"Breastfeeding spoils the shape of the breast"

It is true that breastfeeding does not improve the shape of the breast, but the breast changes during pregnancy. It is then that it increases and becomes heavier, and, if its shape contributes to this, it “sags”.

Breast changes during lactation. Approximately 1-1. 5 months after birth, with stable lactation, it becomes soft, produces milk almost only when the baby suckles. After the end of breastfeeding, 1.5-3 or more years after the birth of the baby, involution of the mammary gland occurs, lactation stops. Iron "falls asleep" until the next time. Under natural conditions, the end of breastfeeding always coincides with a decrease in the baby's need for breastfeeding. The chest remains soft, inelastic. The shape of the breast largely depends on the presence of adipose tissue in it, the amount of which decreases during prolonged breastfeeding. After the end of breastfeeding, adipose tissue is gradually restored. If a woman does not feed a child, the involution of the mammary gland occurs within the first month after childbirth. The shape of the breast still does not return to its pre-pregnancy state. And if you think about it and figure out why a woman has breasts at all? It's for breastfeeding.

"Breastfeeding spoils the figure"

Many women are afraid to gain weight while breastfeeding. But usually a woman gains weight mainly during pregnancy, and not when she is nursing. Moreover, if before pregnancy she tried to meet certain fashionable standards, for example, 90-60-90, during pregnancy she returns to her weight, her genetically incorporated physiological norm (and it may be far from fashionable standards) + the well-known 7-10kg per uterus, fetus, amniotic fluid, increased volume of circulating blood and a little bit more for various little things. Weight gain during pregnancy can be significant. Many women begin to lose weight after 6-8 months of feeding, and gradually, in the second, third year of feeding, she “drops” everything that she has accumulated. It turns out that the figure from breastfeeding often just improves.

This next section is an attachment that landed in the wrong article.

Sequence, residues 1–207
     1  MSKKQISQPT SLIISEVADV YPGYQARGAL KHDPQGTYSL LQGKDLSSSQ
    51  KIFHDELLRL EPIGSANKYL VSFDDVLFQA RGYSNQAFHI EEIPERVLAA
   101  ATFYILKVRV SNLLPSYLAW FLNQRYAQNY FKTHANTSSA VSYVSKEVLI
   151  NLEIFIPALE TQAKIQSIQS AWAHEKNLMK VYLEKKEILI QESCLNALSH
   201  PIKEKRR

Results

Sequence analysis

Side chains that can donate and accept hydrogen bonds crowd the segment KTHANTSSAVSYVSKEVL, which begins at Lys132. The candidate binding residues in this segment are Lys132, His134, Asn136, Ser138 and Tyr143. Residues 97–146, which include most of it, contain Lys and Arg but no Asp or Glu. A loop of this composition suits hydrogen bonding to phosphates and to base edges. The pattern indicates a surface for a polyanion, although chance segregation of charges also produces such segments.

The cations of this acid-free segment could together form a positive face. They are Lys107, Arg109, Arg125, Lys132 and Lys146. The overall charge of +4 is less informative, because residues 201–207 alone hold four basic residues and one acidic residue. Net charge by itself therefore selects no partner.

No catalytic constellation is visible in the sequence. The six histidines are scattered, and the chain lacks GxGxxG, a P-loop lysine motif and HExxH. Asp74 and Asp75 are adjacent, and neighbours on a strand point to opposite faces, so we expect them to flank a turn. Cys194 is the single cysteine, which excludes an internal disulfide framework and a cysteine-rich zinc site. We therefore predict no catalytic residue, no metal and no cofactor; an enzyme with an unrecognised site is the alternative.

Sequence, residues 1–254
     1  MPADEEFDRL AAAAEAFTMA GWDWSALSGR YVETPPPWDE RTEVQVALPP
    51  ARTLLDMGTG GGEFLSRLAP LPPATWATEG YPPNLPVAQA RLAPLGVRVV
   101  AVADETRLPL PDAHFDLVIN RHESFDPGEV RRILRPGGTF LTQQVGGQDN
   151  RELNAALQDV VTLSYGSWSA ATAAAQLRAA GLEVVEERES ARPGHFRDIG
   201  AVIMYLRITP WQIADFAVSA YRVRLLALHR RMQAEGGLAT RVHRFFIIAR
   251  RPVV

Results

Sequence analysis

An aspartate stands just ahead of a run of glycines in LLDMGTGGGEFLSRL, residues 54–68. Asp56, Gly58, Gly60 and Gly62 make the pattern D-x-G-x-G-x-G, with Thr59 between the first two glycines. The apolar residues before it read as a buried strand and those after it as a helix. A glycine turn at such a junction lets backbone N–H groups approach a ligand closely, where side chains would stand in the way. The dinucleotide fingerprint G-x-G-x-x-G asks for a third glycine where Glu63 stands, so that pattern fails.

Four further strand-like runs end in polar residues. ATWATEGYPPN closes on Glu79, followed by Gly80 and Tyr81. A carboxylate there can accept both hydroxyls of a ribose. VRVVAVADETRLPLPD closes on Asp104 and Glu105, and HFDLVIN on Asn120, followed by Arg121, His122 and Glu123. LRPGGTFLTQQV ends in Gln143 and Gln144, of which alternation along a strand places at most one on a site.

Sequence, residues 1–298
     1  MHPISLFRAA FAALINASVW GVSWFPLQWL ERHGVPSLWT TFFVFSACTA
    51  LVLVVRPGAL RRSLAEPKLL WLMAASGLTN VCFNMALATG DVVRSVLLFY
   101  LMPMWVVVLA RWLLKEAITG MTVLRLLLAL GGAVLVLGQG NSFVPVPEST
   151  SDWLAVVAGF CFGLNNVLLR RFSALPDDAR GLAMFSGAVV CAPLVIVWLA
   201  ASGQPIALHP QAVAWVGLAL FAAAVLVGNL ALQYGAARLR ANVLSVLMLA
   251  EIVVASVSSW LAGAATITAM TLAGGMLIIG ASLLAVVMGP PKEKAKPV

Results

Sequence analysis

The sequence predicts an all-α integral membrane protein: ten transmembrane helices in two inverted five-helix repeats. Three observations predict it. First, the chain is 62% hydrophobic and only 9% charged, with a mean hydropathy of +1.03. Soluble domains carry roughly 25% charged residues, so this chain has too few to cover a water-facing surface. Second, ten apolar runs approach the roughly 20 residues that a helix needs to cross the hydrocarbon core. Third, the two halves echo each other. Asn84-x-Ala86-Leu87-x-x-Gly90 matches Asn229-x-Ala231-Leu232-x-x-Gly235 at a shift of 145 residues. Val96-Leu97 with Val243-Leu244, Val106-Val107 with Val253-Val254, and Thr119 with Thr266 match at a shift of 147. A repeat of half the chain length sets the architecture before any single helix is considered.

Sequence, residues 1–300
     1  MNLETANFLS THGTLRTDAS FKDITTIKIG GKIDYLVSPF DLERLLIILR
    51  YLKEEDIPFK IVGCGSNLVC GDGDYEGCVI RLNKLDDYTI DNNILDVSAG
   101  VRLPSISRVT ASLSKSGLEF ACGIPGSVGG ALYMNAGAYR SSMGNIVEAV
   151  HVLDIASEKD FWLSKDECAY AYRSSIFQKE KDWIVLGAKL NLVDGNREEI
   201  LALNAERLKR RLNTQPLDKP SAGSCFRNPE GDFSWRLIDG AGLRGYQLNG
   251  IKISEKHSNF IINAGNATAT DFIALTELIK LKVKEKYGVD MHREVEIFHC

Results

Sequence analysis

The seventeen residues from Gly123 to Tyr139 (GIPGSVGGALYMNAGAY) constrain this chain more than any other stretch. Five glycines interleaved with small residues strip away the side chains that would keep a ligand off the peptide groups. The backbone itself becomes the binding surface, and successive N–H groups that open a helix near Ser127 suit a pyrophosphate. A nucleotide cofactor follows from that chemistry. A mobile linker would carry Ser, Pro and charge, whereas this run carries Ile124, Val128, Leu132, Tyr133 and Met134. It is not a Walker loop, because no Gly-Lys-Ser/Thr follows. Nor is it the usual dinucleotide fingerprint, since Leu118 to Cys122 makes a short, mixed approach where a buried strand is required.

Very often it turns out that a woman, having stopped breastfeeding 1.5-2 months after giving birth, begins to gain weight. Perhaps this is due to the resulting hormonal imbalance, tk. no woman is designed for such a rapid cessation of lactation.

"You have to prepare the breast for feeding." And then various recommendations follow, from sewing hard rags into the bra to advice to the husband at the end of pregnancy to “dissolve the ducts” of his wife

There is no need to prepare the breast for feeding, it is so arranged by nature that by the time of birth it is quite ready to feed the child. Cloths, for example, can cause skin irritation. Any manipulation of the nipple at the end of pregnancy can lead to very undesirable consequences due to the stimulation of the oxytocin reflex: stimulation of the nipple - release of oxytocin - contraction of the muscles of the uterus under the influence of oxytocin - the uterus is "in good shape" - and, as the worst option, stimulation of premature labor. And in general, has anyone seen a cat with a rag in a bra, or a monkey doing a hardening shower massage?

“With a flat, let alone inverted nipple, breastfeeding is impossible”

Strange as it may seem to people who have never breastfed, a baby's nipple is just a point from which milk flows. If the child sucks in the correct position, then the nipple is located at the level of the soft palate and does not participate in the actual sucking. The child sucks not the nipple, but the areola, massaging, decanting it with the tongue. A breast with a flat or inverted nipple is difficult for a baby to hold in his mouth while suckling and it is more difficult for him to suck on it. Mom should show patience and perseverance in the first days after the birth of a child. Any child is perfectly trained to suck even the most uncomfortable, from our point of view, breast.